A code zero is a versatile downwind sail that is ideal for light to moderate wind conditions. It is typically used when sailing at angles between a true downwind course and a close reach. Code zeros are known for their ability to generate power and provide good speed in light winds. They have a high aspect ratio and a flat shape, which allows them to maintain their shape and performance even when the wind is light.
Code zeros are typically designed to be flown from a bowsprit or a specialized furler, and they are often made from lightweight materials to maximize their efficiency in light wind conditions. These sails are easy to handle and can be furled or unfurled quickly, making them a popular choice for cruising sailors.
Genoas are another type of downwind sail commonly used by cruisers. They are larger headsails that are designed to provide good performance in light to moderate wind conditions. Genoas are usually categorized based on their LP percentage, with sizes ranging from around 120% to 150% LP.
The larger size of genoas allows them to capture more wind and generate power when sailing downwind or on a broad reach. They are effective in light winds and are often used when sailing in trade wind regions or during long downwind passages. Genoas can be made from a variety of materials, including dacron, laminate, or other high-performance fabrics.
Most cruising sailors choose asymmetrical spinnakers or simply “asyms” . They are designed to be easy to handle and versatile in a wide range of wind conditions and angles and can be flown without the need for a spinnaker pole. Cruising spinnakers are typically made with lightweight nylon fabrics and have a unique shape that allows them to be used as light wind-reaching sails and can also provide good downwind performance.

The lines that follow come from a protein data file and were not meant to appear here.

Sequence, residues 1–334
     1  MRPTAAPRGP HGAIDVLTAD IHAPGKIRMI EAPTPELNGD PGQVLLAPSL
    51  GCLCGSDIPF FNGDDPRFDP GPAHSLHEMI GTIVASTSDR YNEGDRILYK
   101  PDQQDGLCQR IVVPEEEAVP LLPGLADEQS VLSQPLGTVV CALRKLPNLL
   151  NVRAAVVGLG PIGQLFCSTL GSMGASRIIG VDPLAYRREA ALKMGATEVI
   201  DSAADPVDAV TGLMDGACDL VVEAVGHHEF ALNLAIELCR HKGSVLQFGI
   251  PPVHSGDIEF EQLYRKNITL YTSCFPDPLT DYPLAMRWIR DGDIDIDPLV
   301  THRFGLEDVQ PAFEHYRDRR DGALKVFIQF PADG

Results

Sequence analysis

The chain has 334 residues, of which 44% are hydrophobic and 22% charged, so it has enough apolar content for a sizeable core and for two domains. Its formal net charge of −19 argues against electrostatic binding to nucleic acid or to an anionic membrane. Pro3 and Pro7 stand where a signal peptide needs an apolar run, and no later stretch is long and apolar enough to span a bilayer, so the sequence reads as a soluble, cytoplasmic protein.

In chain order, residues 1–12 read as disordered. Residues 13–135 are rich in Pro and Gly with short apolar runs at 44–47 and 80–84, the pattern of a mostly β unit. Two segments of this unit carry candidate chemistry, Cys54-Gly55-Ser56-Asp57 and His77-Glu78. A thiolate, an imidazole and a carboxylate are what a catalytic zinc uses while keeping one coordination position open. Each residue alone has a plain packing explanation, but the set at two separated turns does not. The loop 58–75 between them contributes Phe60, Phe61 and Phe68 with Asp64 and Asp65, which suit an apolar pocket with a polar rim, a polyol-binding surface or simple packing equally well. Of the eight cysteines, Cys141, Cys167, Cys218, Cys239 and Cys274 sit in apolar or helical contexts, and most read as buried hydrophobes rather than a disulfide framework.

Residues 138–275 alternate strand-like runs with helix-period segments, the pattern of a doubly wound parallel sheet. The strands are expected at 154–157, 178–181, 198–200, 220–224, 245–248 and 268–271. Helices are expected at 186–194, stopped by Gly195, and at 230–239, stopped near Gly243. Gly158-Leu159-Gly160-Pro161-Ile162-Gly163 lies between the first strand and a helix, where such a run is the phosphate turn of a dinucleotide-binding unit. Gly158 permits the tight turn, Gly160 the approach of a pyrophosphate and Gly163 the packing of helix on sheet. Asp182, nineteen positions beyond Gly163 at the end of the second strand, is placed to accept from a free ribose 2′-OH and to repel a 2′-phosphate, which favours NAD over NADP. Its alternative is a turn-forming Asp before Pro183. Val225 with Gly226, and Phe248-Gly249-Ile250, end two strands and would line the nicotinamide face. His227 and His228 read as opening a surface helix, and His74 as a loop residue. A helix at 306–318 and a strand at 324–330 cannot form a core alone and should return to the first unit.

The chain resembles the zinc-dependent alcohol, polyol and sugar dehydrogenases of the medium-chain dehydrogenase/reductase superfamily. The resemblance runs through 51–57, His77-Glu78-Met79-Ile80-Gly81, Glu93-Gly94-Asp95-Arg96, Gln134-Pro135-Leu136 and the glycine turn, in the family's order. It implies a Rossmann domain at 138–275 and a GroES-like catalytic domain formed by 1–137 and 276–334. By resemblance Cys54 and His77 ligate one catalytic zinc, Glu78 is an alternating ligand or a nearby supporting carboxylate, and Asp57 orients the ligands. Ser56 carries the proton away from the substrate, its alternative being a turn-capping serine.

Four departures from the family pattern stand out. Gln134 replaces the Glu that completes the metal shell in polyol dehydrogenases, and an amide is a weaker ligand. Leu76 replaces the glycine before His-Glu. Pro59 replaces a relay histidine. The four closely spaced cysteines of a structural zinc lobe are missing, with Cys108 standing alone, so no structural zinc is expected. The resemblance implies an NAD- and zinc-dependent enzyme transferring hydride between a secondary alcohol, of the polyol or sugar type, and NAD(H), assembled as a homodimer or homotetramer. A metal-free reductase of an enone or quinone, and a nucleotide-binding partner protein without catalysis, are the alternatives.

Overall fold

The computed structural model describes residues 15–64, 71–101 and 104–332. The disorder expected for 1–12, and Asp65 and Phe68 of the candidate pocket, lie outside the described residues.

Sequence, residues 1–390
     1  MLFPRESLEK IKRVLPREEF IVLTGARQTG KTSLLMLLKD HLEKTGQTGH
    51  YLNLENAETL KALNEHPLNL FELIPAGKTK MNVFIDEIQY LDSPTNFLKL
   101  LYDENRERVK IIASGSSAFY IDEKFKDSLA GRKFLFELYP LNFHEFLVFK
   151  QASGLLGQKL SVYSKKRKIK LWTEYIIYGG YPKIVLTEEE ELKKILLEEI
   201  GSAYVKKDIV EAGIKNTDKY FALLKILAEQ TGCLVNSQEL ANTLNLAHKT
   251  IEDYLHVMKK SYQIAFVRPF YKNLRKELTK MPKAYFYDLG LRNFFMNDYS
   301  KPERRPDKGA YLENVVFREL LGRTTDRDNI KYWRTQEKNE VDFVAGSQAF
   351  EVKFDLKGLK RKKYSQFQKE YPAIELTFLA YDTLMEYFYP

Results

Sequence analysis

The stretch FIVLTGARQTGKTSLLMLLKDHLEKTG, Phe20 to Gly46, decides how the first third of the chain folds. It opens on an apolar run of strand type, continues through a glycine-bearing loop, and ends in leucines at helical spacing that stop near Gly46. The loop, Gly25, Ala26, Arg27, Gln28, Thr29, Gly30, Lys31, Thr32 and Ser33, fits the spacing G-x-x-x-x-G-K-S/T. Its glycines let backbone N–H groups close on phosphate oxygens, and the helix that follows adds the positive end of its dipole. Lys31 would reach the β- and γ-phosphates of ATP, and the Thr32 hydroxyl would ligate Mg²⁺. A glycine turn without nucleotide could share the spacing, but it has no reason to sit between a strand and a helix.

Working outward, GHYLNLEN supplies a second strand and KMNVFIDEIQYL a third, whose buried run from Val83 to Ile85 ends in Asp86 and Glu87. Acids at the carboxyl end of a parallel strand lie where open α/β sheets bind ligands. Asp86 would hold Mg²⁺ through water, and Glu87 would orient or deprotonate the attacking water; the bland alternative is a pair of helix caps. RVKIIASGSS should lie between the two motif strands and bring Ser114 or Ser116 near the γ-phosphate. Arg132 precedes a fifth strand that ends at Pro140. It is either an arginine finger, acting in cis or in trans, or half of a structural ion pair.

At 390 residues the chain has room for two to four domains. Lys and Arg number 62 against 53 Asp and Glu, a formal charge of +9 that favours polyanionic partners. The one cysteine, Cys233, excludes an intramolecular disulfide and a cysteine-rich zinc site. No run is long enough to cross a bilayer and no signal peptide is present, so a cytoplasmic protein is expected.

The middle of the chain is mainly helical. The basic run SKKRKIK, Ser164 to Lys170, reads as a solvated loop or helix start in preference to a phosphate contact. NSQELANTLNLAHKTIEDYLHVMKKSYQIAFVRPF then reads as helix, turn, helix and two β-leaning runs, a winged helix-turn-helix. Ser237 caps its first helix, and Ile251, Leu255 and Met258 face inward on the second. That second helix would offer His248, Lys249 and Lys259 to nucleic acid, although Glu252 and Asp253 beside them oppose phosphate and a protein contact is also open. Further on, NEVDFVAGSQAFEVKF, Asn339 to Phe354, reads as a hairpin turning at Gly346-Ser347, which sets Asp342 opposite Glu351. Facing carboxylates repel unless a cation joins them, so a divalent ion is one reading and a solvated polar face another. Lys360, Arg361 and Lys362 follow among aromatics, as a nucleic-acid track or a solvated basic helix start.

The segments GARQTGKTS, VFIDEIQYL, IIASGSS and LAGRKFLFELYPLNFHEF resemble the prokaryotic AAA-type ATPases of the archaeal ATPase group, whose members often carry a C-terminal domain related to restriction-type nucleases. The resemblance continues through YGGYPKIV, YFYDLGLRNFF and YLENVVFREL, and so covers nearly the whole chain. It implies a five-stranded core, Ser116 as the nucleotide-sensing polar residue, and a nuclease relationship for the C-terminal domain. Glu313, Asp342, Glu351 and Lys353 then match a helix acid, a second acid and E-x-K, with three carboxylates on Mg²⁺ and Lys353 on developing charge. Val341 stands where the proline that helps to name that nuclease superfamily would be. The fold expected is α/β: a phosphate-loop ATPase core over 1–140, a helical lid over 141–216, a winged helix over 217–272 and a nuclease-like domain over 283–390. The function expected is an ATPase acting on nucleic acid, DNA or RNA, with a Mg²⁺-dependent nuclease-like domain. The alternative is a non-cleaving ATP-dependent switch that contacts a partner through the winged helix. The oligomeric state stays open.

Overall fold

These sails are versatile and can be used on various points of sail, including reaching and running. Cruising spinnakers are particularly effective in light to moderate wind conditions and can add excitement to your sailing experience. They are available in different sizes and designs, allowing you to choose the one that suits your boat and sailing preferences.
Other Downwind Options
In addition to code zeros, genoas, and cruising spinnakers, there are other downwind/ light wind sails that cruisers may consider adding to their sail inventory. These include reachers, gennakers, and traditional symmetrical spinnakers.
Reachers are designed for broad and beam-reaching courses and provide good performance in moderate wind conditions. They are typically easier to handle than symmetrical spinnakers and can be flown from a bowsprit or a specialized furler.
Gennakers are a hybrid between genoas and spinnakers. They can be designed to be flown with a furler, spinnaker sock, or a turtle bag and offer versatility in a wide range of wind angles and conditions. Gennakers are often used for cruising and can provide good performance on reaching and downwind courses.
Symmetrical Spinnakers are traditional downwind sails that require a spinnaker pole to be set (on monohulls). They can be designed to be effective in stronger winds and are commonly used for downwind racing or when sailing in breezier conditions. Symmetrical spinnakers offer excellent downwind performance and can be flown on a broad reach or a run.
It’s important to note that handling a symmetrical spinnaker can be more challenging compared to other downwind sails. Setting and dousing the spinnaker requires coordination between the helmsperson, trimmer, and crew members. Additionally, gybing the sail while maintaining control can be more demanding. Therefore, symmetrical spinnakers are more commonly used by experienced sailors or when racing with a dedicated crew.
When considering downwind options, it’s essential to assess your sailing goals, experience level, and the prevailing wind conditions in your sailing area. Sail designers can assist you in determining the most suitable downwind sails based on these factors, ensuring you have a well-rounded and optimized sail inventory.
Collaborating with sail designers like Precision Sails allows you to benefit from their expertise, as they can provide personalized recommendations, assist with sail customization, and ensure the sails are tailored to your boat’s specifications. We are here to help – you can book a consultation here.
Remember, choosing the right downwind sails can significantly enhance your sailing experience, making it more enjoyable, efficient, and safe.